The presidents of Russia, Belarus and Kazakhstan signed an accord in Moscow to integrate their economies’ $2 trillion in combined output and form the basis of the Eurasian Union.
“We will create a lasting, efficient and well-developed economic union,” Russian President Dmitry Medvedev told reporters today at a briefing with Belarus’s Alexander Lukashenko and Kazakhstan’s Nursultan Nazarbayev in the Kremlin.
The three former Soviet republics, with a combined population of 170 million people, will create a single economic space from Jan. 1. The Eurasian Union, which won’t be formed before 2015, aims to coordinate economic and currency policy and adopt unified visa and migration rules.
Prime Minister Vladimir Putin, who plans to return to the Kremlin next year, spearheaded the creation of the union, writing in an Oct. 4 article that an emerging Russian-led bloc in the former Soviet Union will help reduce global imbalances and fuel integration across “Greater Europe.”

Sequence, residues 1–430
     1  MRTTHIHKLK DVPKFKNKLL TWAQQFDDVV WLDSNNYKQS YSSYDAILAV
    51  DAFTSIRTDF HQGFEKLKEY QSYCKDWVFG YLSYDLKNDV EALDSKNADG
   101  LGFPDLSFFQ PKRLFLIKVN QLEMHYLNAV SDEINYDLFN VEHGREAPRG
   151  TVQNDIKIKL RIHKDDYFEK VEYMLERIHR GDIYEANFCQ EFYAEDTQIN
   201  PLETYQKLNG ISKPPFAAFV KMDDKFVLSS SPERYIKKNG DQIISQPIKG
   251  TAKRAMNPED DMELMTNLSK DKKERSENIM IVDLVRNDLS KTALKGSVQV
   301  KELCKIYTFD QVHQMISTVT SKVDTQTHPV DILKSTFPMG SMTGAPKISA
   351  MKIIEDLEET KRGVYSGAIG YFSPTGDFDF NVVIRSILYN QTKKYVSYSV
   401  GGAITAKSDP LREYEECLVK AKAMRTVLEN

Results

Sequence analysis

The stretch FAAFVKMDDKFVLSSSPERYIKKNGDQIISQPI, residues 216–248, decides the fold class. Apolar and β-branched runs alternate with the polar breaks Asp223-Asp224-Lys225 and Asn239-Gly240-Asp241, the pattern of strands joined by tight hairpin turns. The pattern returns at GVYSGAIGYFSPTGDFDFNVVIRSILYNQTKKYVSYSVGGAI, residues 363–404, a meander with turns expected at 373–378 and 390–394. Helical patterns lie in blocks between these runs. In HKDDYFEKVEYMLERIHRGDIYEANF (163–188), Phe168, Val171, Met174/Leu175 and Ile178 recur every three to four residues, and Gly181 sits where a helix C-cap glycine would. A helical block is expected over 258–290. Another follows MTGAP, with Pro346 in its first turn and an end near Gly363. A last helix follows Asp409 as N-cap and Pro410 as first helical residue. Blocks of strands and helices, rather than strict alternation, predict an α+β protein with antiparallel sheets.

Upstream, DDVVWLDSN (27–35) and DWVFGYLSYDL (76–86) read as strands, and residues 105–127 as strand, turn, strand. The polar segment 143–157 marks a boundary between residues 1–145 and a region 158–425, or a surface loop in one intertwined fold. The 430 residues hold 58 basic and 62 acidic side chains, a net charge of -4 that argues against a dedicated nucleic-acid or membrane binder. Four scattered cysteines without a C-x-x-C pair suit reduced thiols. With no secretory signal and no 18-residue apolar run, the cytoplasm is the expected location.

Medvedev said the group is seeking to create a powerful market better able to withstand global economic downturns. Russia wants to restore economic, industrial and defense ties with its neighbors, which were severed after the breakup of the Soviet Union twenty years ago.
The three nations are building an economic alliance based on World Trade Organization principles, according to the declaration signed today. While none of the states is a member of the arbiter, Russia’s accession may be approved by trade ministers at a Dec. 15-17 meeting in Geneva.
Nazarbayev urged his partners to reduce the dollar’s use in trade and increase settlements in national currencies, adding that further integration may lead to the adoption of a common monetary unit.